Published by Anne Heffron ISBN 9780692755648
Trade paperback, $9.99 ($3 on Kindle), 163 pages
One of the most important things that reading can do is to put the reader into the shoes of another person. For the writer, it can be a cathartic experience, especially when she writes about her own life.
Screenwriter Anne Heffron was adopted at ten weeks of age and writes about how that has colored her entire life in You Don't Look Adopted. She begins her memoir by stating that for most of her life she has felt "both real and not real" because an infant is born "with a sense of self not separate from the mother", and she believes that her "brain took a nosedive in the gap between mothers".
We have always been told that adopted children should feel special because they were chosen by their family. But Heffron states that while that is true, in order to be chosen, you must first be unchosen. Heffron felt that no matter what reason her birth mother gave her up, she still chose to let her go. This thought caused Heffron to believe that there was something seriously wrong with her for her own mother to give her up.
She also wondered what happened to her and her mother in the ten weeks between her birth and her family adopting her. All her life she felt that something was wrong with her, and as a teen she sought out therapists and doctors to help battle with her "depression, eating disorders and inability to stick with jobs, schools and people."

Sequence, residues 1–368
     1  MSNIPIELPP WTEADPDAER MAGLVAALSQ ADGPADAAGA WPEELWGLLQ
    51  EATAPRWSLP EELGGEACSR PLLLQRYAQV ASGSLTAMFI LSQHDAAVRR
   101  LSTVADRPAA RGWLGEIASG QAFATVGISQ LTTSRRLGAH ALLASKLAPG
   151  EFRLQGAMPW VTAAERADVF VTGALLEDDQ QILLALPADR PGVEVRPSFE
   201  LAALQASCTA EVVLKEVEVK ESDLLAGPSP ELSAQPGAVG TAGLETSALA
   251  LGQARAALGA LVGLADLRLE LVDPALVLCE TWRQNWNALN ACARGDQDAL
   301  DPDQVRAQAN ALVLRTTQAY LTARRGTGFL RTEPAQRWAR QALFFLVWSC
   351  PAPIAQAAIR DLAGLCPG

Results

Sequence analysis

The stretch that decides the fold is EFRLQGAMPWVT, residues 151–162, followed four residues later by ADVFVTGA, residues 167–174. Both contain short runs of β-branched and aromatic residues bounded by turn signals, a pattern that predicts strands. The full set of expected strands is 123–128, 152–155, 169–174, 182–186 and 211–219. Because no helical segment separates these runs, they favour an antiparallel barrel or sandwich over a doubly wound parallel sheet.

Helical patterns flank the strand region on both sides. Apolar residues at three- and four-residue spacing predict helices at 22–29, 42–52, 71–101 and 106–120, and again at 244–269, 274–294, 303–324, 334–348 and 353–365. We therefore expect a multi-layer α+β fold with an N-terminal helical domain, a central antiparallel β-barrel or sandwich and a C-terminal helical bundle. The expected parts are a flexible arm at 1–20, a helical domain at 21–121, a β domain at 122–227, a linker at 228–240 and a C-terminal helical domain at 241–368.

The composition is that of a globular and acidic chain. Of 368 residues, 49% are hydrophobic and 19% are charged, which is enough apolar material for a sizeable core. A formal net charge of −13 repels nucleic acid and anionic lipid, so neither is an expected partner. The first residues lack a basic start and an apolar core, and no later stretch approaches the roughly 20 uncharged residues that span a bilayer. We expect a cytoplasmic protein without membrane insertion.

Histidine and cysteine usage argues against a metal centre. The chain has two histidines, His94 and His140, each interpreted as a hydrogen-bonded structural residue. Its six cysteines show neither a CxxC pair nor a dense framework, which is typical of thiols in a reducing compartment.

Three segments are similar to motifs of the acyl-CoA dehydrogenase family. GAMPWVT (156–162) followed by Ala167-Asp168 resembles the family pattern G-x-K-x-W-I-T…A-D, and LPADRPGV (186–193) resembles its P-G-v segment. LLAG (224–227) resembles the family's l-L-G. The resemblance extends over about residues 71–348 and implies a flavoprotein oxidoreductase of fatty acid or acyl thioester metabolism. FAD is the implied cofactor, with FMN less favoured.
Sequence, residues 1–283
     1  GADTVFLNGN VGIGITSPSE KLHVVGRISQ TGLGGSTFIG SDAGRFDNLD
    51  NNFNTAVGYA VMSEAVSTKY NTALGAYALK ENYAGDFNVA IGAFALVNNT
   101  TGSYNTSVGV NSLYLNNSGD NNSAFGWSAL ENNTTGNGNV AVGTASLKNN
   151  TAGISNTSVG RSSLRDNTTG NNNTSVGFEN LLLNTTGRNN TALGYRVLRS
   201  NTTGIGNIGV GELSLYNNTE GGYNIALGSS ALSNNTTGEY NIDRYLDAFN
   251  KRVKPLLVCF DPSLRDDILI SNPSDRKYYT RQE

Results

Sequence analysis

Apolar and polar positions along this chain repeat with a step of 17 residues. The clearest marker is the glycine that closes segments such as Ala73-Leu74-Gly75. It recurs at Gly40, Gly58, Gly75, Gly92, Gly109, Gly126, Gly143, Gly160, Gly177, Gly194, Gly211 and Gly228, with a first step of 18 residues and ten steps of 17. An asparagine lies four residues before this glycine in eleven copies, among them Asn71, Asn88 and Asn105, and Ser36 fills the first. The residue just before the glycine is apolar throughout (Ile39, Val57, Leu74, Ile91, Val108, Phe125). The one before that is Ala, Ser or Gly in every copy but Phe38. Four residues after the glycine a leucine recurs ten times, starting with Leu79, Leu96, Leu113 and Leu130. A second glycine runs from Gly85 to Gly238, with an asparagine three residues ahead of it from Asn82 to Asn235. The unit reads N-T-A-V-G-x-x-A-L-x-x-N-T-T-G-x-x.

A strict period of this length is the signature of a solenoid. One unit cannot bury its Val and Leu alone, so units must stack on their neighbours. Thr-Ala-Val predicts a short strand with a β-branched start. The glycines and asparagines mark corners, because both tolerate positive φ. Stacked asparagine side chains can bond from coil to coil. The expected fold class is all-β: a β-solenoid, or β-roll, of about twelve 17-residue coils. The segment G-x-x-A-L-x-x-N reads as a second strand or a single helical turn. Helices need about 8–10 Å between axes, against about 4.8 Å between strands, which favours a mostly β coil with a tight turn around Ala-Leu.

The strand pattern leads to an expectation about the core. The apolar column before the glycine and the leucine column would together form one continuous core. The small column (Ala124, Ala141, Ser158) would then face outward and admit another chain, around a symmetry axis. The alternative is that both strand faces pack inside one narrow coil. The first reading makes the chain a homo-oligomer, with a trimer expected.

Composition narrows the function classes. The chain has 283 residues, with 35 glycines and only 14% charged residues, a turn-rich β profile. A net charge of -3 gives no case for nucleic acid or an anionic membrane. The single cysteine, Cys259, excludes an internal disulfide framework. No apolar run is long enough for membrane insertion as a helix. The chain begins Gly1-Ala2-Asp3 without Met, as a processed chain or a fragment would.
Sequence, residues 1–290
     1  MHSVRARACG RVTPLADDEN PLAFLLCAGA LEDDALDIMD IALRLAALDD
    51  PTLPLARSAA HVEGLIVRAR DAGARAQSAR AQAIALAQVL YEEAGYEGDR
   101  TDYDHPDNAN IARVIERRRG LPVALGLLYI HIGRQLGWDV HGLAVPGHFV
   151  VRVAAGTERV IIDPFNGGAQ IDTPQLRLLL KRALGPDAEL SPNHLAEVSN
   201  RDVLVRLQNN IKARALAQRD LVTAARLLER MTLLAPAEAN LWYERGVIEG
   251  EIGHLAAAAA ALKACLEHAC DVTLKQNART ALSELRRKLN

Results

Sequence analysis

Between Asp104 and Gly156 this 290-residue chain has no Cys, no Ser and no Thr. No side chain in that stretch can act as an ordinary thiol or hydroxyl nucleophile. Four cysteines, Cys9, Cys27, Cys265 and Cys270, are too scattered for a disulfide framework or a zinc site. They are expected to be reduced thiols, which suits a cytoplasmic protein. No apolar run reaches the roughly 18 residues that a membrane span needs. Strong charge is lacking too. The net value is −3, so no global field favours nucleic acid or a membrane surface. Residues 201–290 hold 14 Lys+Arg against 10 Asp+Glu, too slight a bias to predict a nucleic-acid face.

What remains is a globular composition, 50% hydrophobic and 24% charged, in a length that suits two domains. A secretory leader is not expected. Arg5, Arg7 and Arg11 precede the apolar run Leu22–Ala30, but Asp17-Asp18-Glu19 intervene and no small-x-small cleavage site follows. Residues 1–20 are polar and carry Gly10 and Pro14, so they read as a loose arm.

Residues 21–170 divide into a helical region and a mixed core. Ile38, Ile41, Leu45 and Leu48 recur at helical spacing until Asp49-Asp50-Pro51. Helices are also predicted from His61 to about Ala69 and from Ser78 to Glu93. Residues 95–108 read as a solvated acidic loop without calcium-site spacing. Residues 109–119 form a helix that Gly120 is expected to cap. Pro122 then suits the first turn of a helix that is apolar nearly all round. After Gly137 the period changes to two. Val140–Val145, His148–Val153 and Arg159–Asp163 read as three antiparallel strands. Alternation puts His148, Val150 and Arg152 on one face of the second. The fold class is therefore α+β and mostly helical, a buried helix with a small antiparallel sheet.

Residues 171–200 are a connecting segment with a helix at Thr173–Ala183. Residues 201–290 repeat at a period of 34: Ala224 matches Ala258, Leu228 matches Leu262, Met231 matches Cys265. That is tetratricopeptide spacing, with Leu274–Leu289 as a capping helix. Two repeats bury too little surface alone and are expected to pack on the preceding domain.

Heffron was adopted by a couple who also adopted two boys. Her mother wanted to prove that she could have it all- take care of her family, run a household, and have a fabulous career. She was a writer, but her dream of writing a great book became the reality of being a stringer for a small town newspaper. Her mother was not a happy woman, and she took some of that unhappiness out on Anne.
Anne did eventually find her birth mother, but she did not want anything to do with Anne, and asked her not to contact her anymore. This led to even more difficulties for Anne.
Relationships were difficult for her. She was married multiple times, and when times were tough, she walked away or pushed others away. Her daughter going away to college completely unmoored her.
Teaching writing in a girls' juvenile hall was an eye-opening experience for Anne, and she told the girls there some of her life story. From that experience, and that of talking to others who were adopted and finding that many of them had similar feelings and experiences as she did, Anne found that "it's the stories we don't tell that keep us in various states of paralysis."
Anne Heffron lets the reader see inside her heart, soul and mind in this heartbreaking and honest memoir. It feels like we are reading her journal, similar to stream-of-consciousness, so it has a bit of an unpolished feel to it. Her story brings attention to a subject I didn't know much about and I'm glad I read it.
Anne Heffron's website is here.
Thanks to TLC for putting me on Anne Heffron's tour. The rest of her tour stops are here:
Anne Heffron’s TLC Book Tours TOUR STOPS:
Monday, January 8th: The Sketchy Reader
Wednesday, January 10th: I Brought a Book
Thursday, January 11th: Patricia’s Wisdom
Friday, January 12th: Stranded in Chaos
Tuesday, January 16th: Run Wright
Wednesday, January 17th: Diary of a Stay at Home Mom
Thursday, January 18th: Bookchickdi
Monday, January 22nd: Book Mama Blog
Wednesday, January 24th: Readaholic Zone
Friday, January 26th: Bloggin’ ‘Bout Books
I don't have any direct experience with anyone who is adopted so this book would definitely be eye-opening to me!ReplyDelete
Thanks for being a part of the tour!
I love memoirs and this one does sound interesting but I'm not sure I'd like the stream of consciousness style.ReplyDelete